With update to PS3 agreement, Sony removes its users’ right to sue

By Stephen C. Webster
Friday, September 16, 2011 15:20 EDT
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Sony has become the latest company to force its users into a binding mandatory arbitration (BMA) agreement through a change in its terms of service, effectively removing customers’ right to collectively sue by preventing them from using PlayStation 3 consoles online if they do not agree.

The change in the company’s terms of service comes months after the PlayStation Network (PSN) service was taken down for nearly a month once they discovered the theft of over 77 million users’ personal information, including credit card details. The hack, which it blamed on activist group Anonymous, cost Sony billions. Members of Anonymous said they were not involved.

The new terms of service explains that any dispute be addressed by an arbitrator chosen by Sony, who will only step in on an individual basis. Customers give up any and all rights to join class action lawsuits against Sony.

Typically when disputes arise under BMA agreements, firms almost always find for their employers.

PSN users do have the right to opt-out of the agreement by sending a letter to Sony, but most users are likely to ignore the terms of service entirely and simply agree.

Sony is just the latest company to adopt arbitration provisions in their terms of service. AT&T earlier this year won a landmark Supreme Court case by a 5-4 vote that makes this very practice legal nation-wide, in a decision that had legal scholars predicting the end of class action lawsuits.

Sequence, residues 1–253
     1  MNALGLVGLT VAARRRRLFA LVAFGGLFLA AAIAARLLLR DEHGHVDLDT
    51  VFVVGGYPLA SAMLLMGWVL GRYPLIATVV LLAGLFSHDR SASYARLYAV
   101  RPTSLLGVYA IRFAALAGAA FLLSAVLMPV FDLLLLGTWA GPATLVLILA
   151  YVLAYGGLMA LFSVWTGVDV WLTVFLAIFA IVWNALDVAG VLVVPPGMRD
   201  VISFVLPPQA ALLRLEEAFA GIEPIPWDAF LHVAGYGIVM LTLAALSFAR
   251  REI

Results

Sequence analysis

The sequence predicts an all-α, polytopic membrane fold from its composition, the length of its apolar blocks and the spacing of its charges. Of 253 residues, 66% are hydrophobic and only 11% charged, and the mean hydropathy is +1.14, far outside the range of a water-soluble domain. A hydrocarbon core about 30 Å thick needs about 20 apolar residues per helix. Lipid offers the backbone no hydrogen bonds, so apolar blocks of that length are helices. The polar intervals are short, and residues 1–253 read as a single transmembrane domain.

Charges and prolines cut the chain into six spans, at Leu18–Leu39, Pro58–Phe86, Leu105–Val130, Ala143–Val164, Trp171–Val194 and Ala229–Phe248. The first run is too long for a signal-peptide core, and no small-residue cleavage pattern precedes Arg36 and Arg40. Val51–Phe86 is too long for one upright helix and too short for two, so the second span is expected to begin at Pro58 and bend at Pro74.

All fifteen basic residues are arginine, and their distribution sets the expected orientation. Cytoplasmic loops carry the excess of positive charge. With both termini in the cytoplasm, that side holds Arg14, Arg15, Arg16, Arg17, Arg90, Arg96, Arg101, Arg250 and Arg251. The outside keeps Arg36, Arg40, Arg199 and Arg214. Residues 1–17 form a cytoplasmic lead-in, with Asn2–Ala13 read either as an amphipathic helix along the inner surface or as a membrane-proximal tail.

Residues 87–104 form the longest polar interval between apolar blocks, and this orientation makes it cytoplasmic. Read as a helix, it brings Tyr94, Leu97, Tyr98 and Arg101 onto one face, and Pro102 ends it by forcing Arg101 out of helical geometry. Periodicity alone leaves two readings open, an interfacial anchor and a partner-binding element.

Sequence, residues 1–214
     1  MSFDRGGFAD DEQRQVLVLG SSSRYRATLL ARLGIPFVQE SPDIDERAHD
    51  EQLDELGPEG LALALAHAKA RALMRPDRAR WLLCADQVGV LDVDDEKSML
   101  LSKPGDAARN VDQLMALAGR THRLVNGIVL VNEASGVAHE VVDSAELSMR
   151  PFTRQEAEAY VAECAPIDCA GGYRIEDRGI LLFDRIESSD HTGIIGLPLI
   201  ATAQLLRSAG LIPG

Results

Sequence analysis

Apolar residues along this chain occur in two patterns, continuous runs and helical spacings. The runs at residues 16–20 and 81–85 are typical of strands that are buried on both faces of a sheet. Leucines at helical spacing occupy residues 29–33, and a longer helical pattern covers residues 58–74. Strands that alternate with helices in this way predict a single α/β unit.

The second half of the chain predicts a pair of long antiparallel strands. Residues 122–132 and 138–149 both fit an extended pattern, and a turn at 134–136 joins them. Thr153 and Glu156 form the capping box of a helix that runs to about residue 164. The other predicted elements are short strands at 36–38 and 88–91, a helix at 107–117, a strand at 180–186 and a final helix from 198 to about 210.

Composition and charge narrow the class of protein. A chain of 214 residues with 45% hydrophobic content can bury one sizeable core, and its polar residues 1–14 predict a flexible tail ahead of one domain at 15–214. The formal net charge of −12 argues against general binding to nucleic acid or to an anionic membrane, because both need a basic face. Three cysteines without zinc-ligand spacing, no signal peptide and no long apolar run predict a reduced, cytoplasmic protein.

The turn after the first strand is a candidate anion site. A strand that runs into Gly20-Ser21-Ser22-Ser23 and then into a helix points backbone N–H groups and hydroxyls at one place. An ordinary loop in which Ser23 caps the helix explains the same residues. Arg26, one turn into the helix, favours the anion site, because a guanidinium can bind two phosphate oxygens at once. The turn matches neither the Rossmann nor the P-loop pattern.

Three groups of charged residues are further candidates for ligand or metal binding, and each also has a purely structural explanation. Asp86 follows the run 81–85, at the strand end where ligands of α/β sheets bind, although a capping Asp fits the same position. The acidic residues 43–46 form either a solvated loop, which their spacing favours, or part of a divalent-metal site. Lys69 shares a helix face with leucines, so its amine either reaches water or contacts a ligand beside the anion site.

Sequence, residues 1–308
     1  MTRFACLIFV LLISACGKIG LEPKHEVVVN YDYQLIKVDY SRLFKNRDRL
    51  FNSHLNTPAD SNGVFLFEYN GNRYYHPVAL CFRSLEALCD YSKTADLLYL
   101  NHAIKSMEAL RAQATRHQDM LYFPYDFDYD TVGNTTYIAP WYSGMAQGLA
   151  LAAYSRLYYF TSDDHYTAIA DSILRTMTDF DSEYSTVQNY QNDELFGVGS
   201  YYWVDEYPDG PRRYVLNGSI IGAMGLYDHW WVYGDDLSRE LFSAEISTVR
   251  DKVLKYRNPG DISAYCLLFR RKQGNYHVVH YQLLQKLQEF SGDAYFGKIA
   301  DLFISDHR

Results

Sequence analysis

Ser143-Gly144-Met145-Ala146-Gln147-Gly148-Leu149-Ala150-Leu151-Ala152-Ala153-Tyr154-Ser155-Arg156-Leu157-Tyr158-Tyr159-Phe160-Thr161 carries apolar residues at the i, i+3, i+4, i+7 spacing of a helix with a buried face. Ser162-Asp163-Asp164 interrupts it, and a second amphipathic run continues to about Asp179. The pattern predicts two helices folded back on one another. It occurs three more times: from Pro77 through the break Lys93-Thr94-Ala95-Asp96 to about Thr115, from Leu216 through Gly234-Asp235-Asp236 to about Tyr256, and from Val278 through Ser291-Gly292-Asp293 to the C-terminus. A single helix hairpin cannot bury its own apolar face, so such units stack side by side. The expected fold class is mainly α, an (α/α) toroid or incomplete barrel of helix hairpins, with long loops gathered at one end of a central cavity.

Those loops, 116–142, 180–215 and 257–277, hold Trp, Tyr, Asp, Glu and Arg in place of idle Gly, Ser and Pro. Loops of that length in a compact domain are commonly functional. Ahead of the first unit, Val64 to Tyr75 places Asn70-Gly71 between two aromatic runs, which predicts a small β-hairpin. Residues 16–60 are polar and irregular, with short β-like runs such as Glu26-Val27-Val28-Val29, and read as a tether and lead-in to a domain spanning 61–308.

AT&T was supported in the case by the nation’s largest business lobbying group, the U.S. Chamber of Commerce.

A 2007 report [PDF link] by consumer advocacy group Public Citizen looked at 34,000 arbitration cases in the state of California over an eight-month period and found that the largest BMA company retained by the credit card industry decided in favor of corporate interests 94 percent of the time. Out the 34,000 arbitration proceedings, corporate clients initiated all but 118 of the cases.

“Binding mandatory arbitration is a systematic, privately funded denial of justice for consumers,” Public Citizen’s Laura MacCleery said in a media advisory. “It is a get-out-of-jail-free card for corporate hucksters.”

(H/T: Ars Technica)

Stephen C. Webster
Stephen C. Webster
Stephen C. Webster is the senior editor of Raw Story, and is based out of Austin, Texas. He previously worked as the associate editor of The Lone Star Iconoclast in Crawford, Texas, where he covered state politics and the peace movement’s resurgence at the start of the Iraq war. Webster has also contributed to publications such as True/Slant, Austin Monthly, The Dallas Business Journal, The Dallas Morning News, Fort Worth Weekly, The News Connection and others. Follow him on Twitter at @StephenCWebster.
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